IBM Project Debater – will AI eliminate speechwriters?

IQ2I caught a rebroadcast of an Intelligence Squared debate on NPR last night.

Intelligence Squared is a weekly forum for balanced and intelligent debate. Their goal is to restore critical thinking, facts, reason, and civility to American public discourse. (Hurray for them, although I can’t help thinking they’re pissing into the prevailing wind these days.)

The episode I tuned into was first broadcast February 11, 2019 and featured a unique debate between a world-class champion debater and an Artificial Intelligence (AI) system developed by IBM called Project Debater.

While the program was a fascinating glimpse into the rather arcane world of debating, it was the implications for speechwriters that had me wondering if we’re fast approaching the time when AI will replace the need for a human being to be involved in writing well constructed, persuasive speeches.

Project Debater

Project DebaterProject Debater faced off against Harish Natarajan, a grand finalist at the 2016 World Debating Championships and winner of the 2012 European Debating Championship. His opponent at the IBM Think conference in San Francisco was Project Debater — a two-metre-tall black box. She spoke in an American female voice through a blue, animated mouth. IBM claims that it’s the first AI system that can debate humans on complex topics.

2001 A Space OdysseyDespite the rather uncanny resemblance to the black obelisk that features in the opening scene of Kubrick’s 2001 A Space Odyssey, the system exhibits none of the menace of the HAL system in that dystopian view of AI.

How it works

Project Debater is designed to debate humans on complex topics using a combination of pioneering research developed by IBM, including: data-driven speechwriting and delivery, listening comprehension, and modeling human dilemmas.

It goes beyond the Watson system that famously beat a human on the TV Quiz show Jeopardy, which showed a machine could respond to open-ended questions.

Project Debater digests massive texts, constructs a well-structured speech on a given topic, delivers it with clarity and purpose, and rebuts its opponent. Eventually, IBM claim, Project Debater will help people reason by providing compelling, evidence-based arguments and limiting the influence of emotion, bias, or ambiguity.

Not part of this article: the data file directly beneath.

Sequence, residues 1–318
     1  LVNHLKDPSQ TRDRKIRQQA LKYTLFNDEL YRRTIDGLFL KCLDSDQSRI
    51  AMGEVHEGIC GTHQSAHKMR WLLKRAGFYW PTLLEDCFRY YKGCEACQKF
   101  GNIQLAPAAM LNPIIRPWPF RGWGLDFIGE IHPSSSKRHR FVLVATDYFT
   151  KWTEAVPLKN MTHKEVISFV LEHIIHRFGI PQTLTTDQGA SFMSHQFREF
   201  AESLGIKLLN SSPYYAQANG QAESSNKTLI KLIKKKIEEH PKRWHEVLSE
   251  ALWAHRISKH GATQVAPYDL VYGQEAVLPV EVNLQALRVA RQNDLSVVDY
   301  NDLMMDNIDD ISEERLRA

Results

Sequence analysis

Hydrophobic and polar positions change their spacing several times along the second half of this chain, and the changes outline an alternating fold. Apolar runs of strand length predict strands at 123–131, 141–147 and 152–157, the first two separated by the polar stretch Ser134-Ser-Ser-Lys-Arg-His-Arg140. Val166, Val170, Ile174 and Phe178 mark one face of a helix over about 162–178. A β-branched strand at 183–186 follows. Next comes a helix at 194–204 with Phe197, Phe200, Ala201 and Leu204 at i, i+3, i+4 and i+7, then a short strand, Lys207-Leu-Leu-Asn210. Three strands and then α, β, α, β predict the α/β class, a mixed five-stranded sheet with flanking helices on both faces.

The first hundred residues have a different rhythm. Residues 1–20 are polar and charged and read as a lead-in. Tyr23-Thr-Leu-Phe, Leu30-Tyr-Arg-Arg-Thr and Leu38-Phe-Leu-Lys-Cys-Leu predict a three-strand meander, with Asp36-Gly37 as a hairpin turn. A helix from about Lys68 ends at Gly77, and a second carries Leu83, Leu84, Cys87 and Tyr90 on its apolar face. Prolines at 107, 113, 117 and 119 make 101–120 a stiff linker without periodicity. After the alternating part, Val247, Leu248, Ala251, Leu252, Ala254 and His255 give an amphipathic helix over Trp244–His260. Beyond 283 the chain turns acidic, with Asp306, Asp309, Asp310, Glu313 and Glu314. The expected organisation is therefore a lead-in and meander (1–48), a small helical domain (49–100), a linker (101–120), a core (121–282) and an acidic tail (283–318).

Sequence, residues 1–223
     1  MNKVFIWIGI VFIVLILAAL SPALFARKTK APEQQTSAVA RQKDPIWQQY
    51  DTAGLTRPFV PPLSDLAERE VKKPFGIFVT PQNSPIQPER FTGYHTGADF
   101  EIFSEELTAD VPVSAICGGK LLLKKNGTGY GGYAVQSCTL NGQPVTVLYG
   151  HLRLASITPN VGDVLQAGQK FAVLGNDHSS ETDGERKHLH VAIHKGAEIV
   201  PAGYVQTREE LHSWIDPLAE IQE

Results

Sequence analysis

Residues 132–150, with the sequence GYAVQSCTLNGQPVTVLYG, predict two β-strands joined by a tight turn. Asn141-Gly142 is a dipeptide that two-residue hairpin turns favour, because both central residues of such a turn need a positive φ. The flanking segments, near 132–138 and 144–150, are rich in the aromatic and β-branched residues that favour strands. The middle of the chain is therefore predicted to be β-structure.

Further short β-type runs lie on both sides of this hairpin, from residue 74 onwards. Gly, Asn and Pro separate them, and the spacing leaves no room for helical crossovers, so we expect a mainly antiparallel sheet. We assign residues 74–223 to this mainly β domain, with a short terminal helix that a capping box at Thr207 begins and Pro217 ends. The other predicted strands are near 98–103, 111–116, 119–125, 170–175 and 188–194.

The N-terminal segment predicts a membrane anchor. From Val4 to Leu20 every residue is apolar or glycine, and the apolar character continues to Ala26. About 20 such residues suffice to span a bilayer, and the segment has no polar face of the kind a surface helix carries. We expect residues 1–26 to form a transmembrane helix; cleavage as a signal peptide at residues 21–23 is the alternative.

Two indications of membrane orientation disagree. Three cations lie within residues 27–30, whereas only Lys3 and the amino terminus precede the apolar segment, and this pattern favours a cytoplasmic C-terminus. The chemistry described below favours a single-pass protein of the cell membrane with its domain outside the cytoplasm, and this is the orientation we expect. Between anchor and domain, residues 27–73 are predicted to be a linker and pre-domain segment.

Isn’t that part of your job description, speechwriters?

Speechwriting by numbers?

The IBM website does not mince words about the capabilities of their system:

Project Debater relies on three pioneering capabilities. The first is data-driven speech writing and delivery, or the ability to automatically generate a whole speech, reminiscent of an opinion article, and deliver it persuasively. The second is listening comprehension, which is the ability to understand a long spontaneous speech made by the human opponent in order to construct a meaningful rebuttal. The third is the system’s ability to model human dilemmas and form principled arguments made by humans in different debates based on a unique knowledge graph. By combining these core capabilities, it can conduct a meaningful debate with human debaters.

Of note:

  • Unlike speechwriters today, the AI system had no access to the internet.
  • The massive amount of stored data it deployed was logically organized and presented in a fraction of the time most writers would take.
  • Impressively, the system created an argument that clearly supported the side of the argument it was assigned.
  • The system synthesized input from the debate opponent — a win when a speaker needs to respond, as in political dialog.
  • Further, the AI system could easily frame both sides of a debate, helping speechwriters anticipate opposing points of view.

Overall, a sobering development.

Team player?

The question is, can speechwriters look to AI systems to be team players? Many would appreciate it if AI did the leg work assembling facts and blocking out the basic arguments. They could then give a final polish to the machines’ draft.

Or will an AI enabled speech writing entity get to the point where it will refuse to “open the pod bay door” and leave the human out in the cold? What job security can speechwriters expect in a world where AI systems can create persuasive, logical, and well-researched speeches in a fraction of the time a human could?

What say you?

No Comments so far
Leave a comment



Leave a comment
Line and paragraph breaks automatic, e-mail address never displayed, HTML allowed: <a href="" title=""> <abbr title=""> <acronym title=""> <b> <blockquote cite=""> <cite> <code> <del datetime=""> <em> <i> <q cite=""> <s> <strike> <strong>

(required)

(required)



one + = 3